Sleep Apnea’s Effect on Sex Drive and Sexual Function

Sleep Apnea’s Effect on Sex Drive and Sexual Function

Sleep Apnea’s Effect on Sex Drive and Sexual Function

It seems to be common knowledge these days that obstructive sleep apnea (OSA) is tied to troubling health issues including obesity, heart disease, diabetes, stroke, and cancer. However, fewer people are aware that sleep apnea and its consequences can result in a wide range of sexual health issues, including libido, sexual function, and intimacy. In addition, both men and women can suffer these problems if they are not properly treated for their sleep apnea.

The side effects of sleep apnea—fatigue, high blood pressure, risk of heart disease and stroke—are pretty well-known. But one thing that’s not as widely documented is sleep apnea’s effect on sex.

Sleep Apnea & Sexual Health: The Studies

Within the past two decades, a large number of studies have confirmed that sleep apnea can affect a number of different facets of a person’s sex life, from their sex drive to their hormone levels, to their erectile function. Below, we will highlight just a few of the recent studies involving sleep apnea and sexual health.

  • A 2009 study found that a staggering 69 percent of men with diagnosed OSA suffered from erectile dysfunction, compared with just 34 percent of people without sleep apnea. The study examined 401 adult men and corrected for factors such as age and weight.
  • A 2011 study published in The Journal of Sexual Medicine found that women suffering from untreated sleep apnea had higher rates of sexual dysfunction and sexual difficulties. The study, which compared 80 women with sleep apnea to 240 women without the sleep disorder, found that no matter how mild or severe the OSA, women were negatively affected by their condition.
  • Researchers at the Walter Reed Military Medical Center found that a significant number of men who treat their sleep apnea see a large improvement in their sexual function and sexual satisfaction. The study followed 92 men with an average age of 46 who had been diagnosed with OSA and who were being treated with CPAP therapy.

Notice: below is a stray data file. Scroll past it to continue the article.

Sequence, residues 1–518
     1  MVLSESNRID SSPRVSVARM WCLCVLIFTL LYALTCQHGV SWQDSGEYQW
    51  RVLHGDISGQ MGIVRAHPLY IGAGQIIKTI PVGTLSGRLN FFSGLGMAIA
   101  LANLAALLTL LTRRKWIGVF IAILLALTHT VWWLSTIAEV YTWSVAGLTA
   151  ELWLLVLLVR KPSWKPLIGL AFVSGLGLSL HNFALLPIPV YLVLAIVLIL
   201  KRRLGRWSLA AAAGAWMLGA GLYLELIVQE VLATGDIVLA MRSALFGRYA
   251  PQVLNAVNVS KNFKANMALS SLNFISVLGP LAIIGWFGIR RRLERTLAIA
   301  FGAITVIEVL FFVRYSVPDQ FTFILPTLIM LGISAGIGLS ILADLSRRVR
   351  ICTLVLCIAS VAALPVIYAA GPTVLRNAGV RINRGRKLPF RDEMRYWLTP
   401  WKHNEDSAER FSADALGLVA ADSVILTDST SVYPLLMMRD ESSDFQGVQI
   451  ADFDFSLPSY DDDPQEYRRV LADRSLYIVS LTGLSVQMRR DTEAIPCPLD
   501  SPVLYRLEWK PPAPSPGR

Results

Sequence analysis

• A 2008 sleep apnea study of 15 patients who underwent maxillomandibular advancement (MMA) surgery (also known as bimaxillary advancement surgery) found that, six months after the operation, a statistically significant number noted an increase in satisfaction with intimacy and sex.
  • A 2007 study of 25 women with obstructive sleep apnea found that all aspects of sexual functioning were were affected by the sleep disorder save two: enjoyment and pain. The study excluded women with genital deformity, postmenopausal women, and women without a regular partner and controlled for factors like age and c0-morbid diseases.
  • A 2011 sleep apnea study focused on sexual hormone levels and sleep apnea found that disrupted sleep caused by sleep apnea affects the testosterone levels of both men and women. Testosterone is a hormone that affects sex drive in both sexes.

Why Does Sleep Apnea Hurt Sex Drive?

While research is showing that OSA can hinder many aspects of patients’ sex lives, the answer to why the relationship exists is more difficult. First and foremost, physicians believe that the lack of deep sleep caused by sleep apnea affects sex hormones that drive our libido. In addition, sleep apnea often leaves patients drowsy, unable to focus, and fatigued – not a recipe for a happy sex life. Finally, sleep apnea negatively affects blood pressure, weight, and overall health, which in turn could affect sexual function. But there’s good news: treatment for sleep apnea can make a difference.

The CPAP—a device that’s worn while sleeping and keeps the airway from closing can diminish or alleviate sleep apnea, and doesn’t have to interfere with intimacy. Plus, Ochman said, people who are treated for their sleep apnea are 60 percent more likely to be compliant with their treatment plan if their spouses sleep in the same bedroom.

Other things that can help:
Keep your weight in a healthy range: Excess weight is a primary risk factor for sleep apnea in both men and women.
Don’t light up: Smoking increases the risk of obstructive sleep apnea.
Get regular exercise: Exercise helps keep weight in check, plus, when combined with CPAP therapy, helps improve sleep apnea.
Use your CPAP nightly and Keep the romance alive: The relationship between sleep and sex needs more research, especially for women, but improving the quality of your sleep is likely to benefit your sex life.

This website uses cookies to improve your experience. We'll assume you're ok with this.